- Brute Force Attack – Picture Password addresses brute force attacks by limiting the number of guesses, varying the size, location, and pattern of the grid numbers and requiring minimum movement of the number grid.
To help you get started, here’s a quick overview of how to set up Picture Password, and a few tips of course!
Before we begin, for those using BlackBerry Balance technology, to use Picture Password you must turn off Use as my device password within the BlackBerry Balance settings screen.
Step 1 – Set a Device Password
Before you can set up Picture Password, you must first set a device password. You require this password in case you forget your Picture Password or if you need to access your device from a computer using BlackBerry Link. By design, after five failed attempts to unlock your device using Picture Password you’ll be prompted for your device password instead.
Note: If you already set a device password, proceed to step 2.
- Swipe down from the top of the home screen
- Tap Settings Security and Privacy Device Password
- Set the Device Password switch to On
- Optionally set Simple Password to On to use a numeric password
- Set a device password
After you turn on the device password option, your next step is to turn on Picture Password.
Step 2 – Turn on Picture Password
After you set a device password, complete the following steps to set up Picture Password. By default Picture Password includes several pictures you can use, but you are welcome to use any picture stored on your device, media card, or synced cloud storage.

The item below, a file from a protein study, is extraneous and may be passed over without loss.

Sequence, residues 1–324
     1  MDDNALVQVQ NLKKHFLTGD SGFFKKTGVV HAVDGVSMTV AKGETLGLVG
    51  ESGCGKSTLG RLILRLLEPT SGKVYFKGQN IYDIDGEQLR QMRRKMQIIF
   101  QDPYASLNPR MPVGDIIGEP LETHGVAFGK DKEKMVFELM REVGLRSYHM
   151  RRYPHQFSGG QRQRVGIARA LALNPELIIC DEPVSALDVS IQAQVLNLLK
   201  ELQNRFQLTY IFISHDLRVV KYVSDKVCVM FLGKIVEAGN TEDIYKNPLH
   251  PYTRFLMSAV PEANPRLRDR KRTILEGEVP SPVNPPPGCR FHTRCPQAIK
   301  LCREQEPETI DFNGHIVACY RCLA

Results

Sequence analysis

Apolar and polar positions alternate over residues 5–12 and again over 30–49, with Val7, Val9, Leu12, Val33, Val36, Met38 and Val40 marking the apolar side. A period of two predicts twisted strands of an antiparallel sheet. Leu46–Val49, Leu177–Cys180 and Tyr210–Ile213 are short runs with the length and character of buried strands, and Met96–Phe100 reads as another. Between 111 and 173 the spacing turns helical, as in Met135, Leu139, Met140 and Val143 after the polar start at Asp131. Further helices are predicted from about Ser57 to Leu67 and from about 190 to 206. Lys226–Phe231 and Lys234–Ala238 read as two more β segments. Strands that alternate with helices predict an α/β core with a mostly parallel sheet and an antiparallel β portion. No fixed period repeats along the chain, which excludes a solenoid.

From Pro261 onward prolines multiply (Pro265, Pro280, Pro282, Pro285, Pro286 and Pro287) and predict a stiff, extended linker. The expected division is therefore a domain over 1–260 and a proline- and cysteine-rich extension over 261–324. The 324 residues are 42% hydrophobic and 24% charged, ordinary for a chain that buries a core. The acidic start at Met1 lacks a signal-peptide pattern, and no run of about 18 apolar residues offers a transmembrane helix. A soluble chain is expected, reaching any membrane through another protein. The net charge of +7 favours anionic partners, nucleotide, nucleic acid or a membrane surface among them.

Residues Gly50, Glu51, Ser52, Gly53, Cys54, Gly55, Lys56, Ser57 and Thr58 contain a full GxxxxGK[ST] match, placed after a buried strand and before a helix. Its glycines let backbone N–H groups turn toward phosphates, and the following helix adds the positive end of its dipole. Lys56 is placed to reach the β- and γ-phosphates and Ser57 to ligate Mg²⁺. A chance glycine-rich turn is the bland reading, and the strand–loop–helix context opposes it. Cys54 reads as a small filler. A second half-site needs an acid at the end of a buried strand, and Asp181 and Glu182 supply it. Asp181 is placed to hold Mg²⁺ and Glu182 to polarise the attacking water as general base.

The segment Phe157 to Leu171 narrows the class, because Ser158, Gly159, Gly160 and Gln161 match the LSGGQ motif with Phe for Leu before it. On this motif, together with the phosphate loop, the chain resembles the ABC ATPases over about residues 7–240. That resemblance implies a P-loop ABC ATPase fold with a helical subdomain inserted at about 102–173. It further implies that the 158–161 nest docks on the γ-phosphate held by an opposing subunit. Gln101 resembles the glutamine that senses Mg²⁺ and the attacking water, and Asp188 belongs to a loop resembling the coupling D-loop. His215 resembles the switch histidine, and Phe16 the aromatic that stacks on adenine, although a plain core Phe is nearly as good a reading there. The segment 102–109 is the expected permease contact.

- Swipe down from the top of the home screen
- Tap Settings Security and Privacy Device Password
- Set the Picture Password switch to On
- Enter your device password
- Complete the instructions on the screen
You have now enabled Picture Password, so let’s try it out! Press and hold the Power/Lock button on top of your device followed by tapping Lock. Wake your device by swiping up from the bottom of the screen, or by pressing Power/Lock again to see the random number grid and your picture at which point you can unlock your device.
Picture Password Tips
- To increase security, avoid using a basic picture and use a detailed picture instead. The more detail, the more unique points you can use as your target!
Drag any from anywhere
- After you unlock your device, you can drag your finger anywhere on the screen so that you have a clear view of where the number is moved. Tapping anywhere allows you to prevent someone from identifying what your number is, but also makes it easy for you to guide your number so it lands on the target.
Reset your password remotely
- BlackBerry Protect provides the ability to reset your password remotely so if you can’t remember your Picture Password, or your device password, visit http://protect.blackberry.com.